Jamey Gambrell is a writer on Russian art and culture. She has translated works by Marina Tsvetaeva and Tatyana Tolstaya, in addition to Vladimir Sorokin’s three-volume Ice Trilogy and his Day of the ­Oprichnik. Her translation of Sorokin’s novel The Blizzard will be published in December 2015.


The Man Who Flew Like a Bird

Svetlana Alexievich
…He wanted to leave unnoticed, of course. It was evening. Twilight. But several students in the nearby dormitory saw him jump. He opened his window wide, stood up on the sill, and looked down for a long time. Then he turned around, pushed hard, and flew… He flew from the twelfth floor…

A woman was passing by with a little boy. The youngster looked up: “Mama, look, that man is flying like a bird…”

Putin Strikes Again

Russian journalists have suffered crippling attacks in recent years, as Vladimir Putin pursues his policy of strengthening the “vertical” dimension of his administration’s “power pyramid.” The Kremlin’s geometrical terminology means enforcing, from the top down, an ideology intended to align all sectors of Russia’s “managed democracy” (another key phrase of …

An Affair of State


Russia! Nine Hundred Years of Masterpieces and Master Collections

Catalog of the exhibition by Gerold Vzdornov, Sergei Androsov, and others
The list of sponsors and their remarks in the longer of the two catalogs indicates that the Russian organizers, as well as the increasingly multinational Guggenheim Foundation empire, view this show as an affair of state. Vladimir Potanin, the exhibition’s biggest sponsor, is director of the huge holding company Interros, …

Russia’s New Vigilantes

In July, for the first time since censorship was abolished in post-Communist Russia, a criminal case was brought against a writer and his publisher, under Article 242 of the criminal code: “Illegal distribution of pornographic materials or objects.” The writer is Vladimir Sorokin and his publisher is called Ad Marginem. …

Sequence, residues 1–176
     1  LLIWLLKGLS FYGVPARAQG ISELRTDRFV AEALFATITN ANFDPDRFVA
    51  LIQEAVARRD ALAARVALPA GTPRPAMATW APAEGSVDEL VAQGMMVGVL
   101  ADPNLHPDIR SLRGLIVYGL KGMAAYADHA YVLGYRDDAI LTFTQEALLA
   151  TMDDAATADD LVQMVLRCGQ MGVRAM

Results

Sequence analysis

On Joseph Brodsky (1940–1996)

When the last things are taken out of a house, a strange, resonant echo settles in, your voice bounces off the walls and returns to you. There’s the din of loneliness, a draft of emptiness, a loss of orientation and a nauseating sense of freedom: everything’s allowed and nothing matters, …

The Wonder of the Soviet World

The Exhibition of the Achievement of the People’s Economy, a six-hundred-acre park in the north of Moscow, just a half-hour by metro from Red Square, isn’t on many tourist itineraries nowadays. But once VDNX (the Russian acronym, pronounced vway day en ha) was one of the wonders of the Soviet …


Revolution from Another Angle

Alexander Rodchenko: Pioneer Playing a Trumpet, 1930

The serendipitous confluence of technology, art, and politics in the fields of photography and film is the subject of the Jewish Museum in New York’s current exhibition, “The Power of Pictures: Early Soviet Photography, Early Soviet Film.” In his catalogue essay, the Russian art historian Alexander Lavrentiev, grandson of the artists Varvara Stepanova and Alexander Rodchenko, gives a nuanced view of the complex situation in which Soviet photography developed: photography was dominated by three groups or tendencies, whose aesthetics mirrored, to some extent, the spectrum of political factions on the post-Soviet cultural stage. None of these groups opposed the Revolution, however; initially, in fact, most artists and the intelligentsia supported the regime.